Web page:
3 Bishop

3.1 Tutorial

The bishop moves diagonally in any direction it wishes and as far as it wishes as long as the squares are free. If an opposing piece blocks its way the bishop can capture it and occupy its square,

The bishop has a special characteristic. It always remains on squares of one single colour. In chess this results in many strategic consequences. It can develop some power along free diagonals but it can only ever reach half of the squares on the chessboard.

In open positions two bishops are very effective because together they can control a lot of squares. Tow bishops cooperating like this are known as the bishop pair. Because the bishop pair can work so well, in practice the bishop is a tad more valuable than the knight.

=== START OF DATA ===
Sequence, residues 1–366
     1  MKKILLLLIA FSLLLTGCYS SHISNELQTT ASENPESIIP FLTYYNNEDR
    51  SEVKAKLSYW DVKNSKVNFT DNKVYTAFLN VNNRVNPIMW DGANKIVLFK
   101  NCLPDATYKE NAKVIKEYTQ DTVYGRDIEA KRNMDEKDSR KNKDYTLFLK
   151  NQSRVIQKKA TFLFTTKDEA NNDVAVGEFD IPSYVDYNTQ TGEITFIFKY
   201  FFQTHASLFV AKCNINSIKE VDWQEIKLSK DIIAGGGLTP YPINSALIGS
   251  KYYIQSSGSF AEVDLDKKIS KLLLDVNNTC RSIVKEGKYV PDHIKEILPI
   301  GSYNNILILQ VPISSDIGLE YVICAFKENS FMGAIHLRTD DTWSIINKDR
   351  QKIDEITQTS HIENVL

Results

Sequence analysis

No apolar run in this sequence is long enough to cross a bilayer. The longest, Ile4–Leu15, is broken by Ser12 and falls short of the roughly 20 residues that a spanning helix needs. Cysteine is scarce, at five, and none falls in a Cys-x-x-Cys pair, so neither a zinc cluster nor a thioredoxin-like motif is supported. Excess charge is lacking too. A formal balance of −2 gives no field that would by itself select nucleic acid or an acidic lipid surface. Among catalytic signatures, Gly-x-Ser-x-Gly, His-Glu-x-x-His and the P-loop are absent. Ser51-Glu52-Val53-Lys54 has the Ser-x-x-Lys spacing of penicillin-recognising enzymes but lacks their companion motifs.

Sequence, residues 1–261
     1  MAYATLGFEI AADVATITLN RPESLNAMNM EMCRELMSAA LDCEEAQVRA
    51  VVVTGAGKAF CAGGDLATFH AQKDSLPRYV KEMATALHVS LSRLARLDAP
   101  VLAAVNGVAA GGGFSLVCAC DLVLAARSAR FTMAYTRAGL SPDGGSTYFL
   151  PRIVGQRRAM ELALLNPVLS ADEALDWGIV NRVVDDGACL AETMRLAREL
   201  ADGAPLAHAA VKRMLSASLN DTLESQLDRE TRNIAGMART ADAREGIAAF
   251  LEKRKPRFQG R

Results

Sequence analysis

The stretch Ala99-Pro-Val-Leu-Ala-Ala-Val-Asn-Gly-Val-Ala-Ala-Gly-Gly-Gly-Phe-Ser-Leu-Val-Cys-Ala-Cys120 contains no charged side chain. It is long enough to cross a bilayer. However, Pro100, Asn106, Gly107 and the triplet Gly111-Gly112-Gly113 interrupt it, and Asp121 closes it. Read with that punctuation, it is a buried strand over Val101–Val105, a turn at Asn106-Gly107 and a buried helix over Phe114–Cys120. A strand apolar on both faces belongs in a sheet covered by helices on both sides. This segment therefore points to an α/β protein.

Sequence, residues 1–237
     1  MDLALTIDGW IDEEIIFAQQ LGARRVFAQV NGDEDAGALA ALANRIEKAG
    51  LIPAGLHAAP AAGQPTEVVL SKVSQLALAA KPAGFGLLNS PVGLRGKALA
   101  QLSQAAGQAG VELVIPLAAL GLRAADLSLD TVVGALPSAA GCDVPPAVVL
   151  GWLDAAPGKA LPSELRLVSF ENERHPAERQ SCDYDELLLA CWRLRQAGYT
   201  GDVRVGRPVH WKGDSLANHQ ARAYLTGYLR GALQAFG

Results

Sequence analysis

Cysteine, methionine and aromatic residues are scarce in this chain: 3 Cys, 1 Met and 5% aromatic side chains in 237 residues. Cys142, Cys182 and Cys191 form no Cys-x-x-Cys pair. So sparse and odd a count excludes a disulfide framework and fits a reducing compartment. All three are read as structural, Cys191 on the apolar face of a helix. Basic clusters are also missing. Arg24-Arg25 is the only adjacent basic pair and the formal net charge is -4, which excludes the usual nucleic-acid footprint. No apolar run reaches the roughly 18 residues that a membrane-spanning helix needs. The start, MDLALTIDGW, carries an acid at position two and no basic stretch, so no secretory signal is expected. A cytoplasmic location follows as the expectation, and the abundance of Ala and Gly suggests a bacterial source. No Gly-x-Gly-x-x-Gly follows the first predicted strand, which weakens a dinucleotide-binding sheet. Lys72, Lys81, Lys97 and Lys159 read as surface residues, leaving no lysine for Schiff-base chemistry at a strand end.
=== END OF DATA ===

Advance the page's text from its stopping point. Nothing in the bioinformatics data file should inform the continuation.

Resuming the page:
3.2 Exercises

Move directly on the board to input a solution. Either click first on the start square and then on the target square. Or click on the piece, hold on to it, move it tot he target square and let go of it. The button ‘Left arrow’ takes back the move.
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The bishop is a long-range piece but it is only able to work on white or black squares. Two bishops are extremely powerful when working together. They like free diagonals and positions where they are not blocked by pawns.